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Why certain teens are prone to binge drinking

Why some teens are prone to binge drinking Why some teens are prone to binge drinking

A new study reveals why some teens maybe more prone to binge drinking than others. The study was led by King's College London's Institute of Psychiatry (IoP) and published in Proceedings of National Academy of Sciences (PNAS) .

Scientists say dopamine is responsible for feelings of pleasure and reward. The study details that alcohol and other addictive drugs activate the dopamine system in the brain. It found that the RASGRF2 gene is a risk gene for alcohol abuse.

"We now understand the chain of action: how our genes shape this function in our brains and how that, in turn, leads to human behavior. We found that the RASGRF-2 gene plays a crucial role in controlling how alcohol stimulates the brain to release dopamine, and hence trigger the feeling of reward. So, if people have a genetic variation of the RASGRF-2 gene, alcohol gives them a stronger sense of reward, making them more likely to be heavy drinkers," said Professor Gunter Schumann, of King's London Institute of Psychiatry, (loP).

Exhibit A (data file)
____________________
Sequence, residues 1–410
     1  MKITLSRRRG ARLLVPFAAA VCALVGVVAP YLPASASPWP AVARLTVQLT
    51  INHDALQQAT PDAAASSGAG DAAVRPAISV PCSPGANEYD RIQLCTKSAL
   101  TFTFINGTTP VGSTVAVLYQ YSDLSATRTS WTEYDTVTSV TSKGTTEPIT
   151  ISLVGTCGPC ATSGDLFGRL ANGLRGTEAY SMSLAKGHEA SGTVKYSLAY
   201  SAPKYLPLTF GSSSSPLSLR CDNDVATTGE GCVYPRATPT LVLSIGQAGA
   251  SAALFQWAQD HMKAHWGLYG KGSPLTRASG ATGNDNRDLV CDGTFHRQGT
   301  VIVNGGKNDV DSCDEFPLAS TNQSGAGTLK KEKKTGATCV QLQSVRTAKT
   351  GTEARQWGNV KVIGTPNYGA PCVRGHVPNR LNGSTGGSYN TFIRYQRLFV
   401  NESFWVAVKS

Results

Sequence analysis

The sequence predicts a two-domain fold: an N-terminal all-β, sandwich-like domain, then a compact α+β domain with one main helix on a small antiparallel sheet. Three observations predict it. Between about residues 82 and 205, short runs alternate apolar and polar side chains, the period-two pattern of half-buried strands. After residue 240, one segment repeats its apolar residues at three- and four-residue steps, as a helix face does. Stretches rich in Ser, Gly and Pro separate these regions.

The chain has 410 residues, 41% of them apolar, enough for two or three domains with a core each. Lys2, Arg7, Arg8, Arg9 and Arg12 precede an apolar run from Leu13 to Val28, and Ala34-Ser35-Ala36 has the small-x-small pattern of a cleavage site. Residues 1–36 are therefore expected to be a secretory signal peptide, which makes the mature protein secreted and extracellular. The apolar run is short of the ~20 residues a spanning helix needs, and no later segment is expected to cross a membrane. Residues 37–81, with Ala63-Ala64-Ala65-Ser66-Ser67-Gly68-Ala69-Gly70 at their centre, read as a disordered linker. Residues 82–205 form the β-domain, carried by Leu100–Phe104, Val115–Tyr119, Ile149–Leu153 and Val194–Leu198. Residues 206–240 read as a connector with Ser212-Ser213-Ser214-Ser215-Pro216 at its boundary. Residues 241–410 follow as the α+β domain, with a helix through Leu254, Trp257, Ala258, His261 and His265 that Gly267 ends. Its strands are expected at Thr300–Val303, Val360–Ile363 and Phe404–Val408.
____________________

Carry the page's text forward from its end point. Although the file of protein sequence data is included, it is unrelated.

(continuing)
The research team then studied the brain scans of 663 14 year old boys - who at that age had not been exposed to significant amounts of alcohol. They found that individuals with genetic variations to the RASGRF2 gene had higher activation of the ventral striatum area of the brain (closely linked to the VTA and involved in dopamine release) when anticipating reward in a cognitive task. This suggests that individuals with a genetic variation on the RASGRF-2 gene release more dopamine when anticipating a reward, and hence derive more pleasure from the experience.

The researchers also took one more step; they studied drinking behavior from the same group of boys at 16 years old, when many had already begun drinking frequently. They found that individuals with the variation on the RASGRF-2 gene drank more frequently at the age of 16 than those with no variation on the gene.

Approximately 6 out of 10 young people aged 11-15 in England report drinking, a figure which has remained relatively stable over the past 20 years. However, binge drinking has become more common, with teenagers reportedly drinking an average of 6 units per week in 1994 and 13 units per week in 2007. In the U-K, around 5,000 teenagers are admitted to hospitals every year for alcohol-related reasons. Teenage alcohol abuse is also linked to poor brain development, health problems in later life, risk taking behavior (drunk driving, unsafe sex) and antisocial behavior.

 The researchers believe that knowing these risk factors for early alcohol abuse is important in designing prevention and treatment interventions for alcohol addiction.

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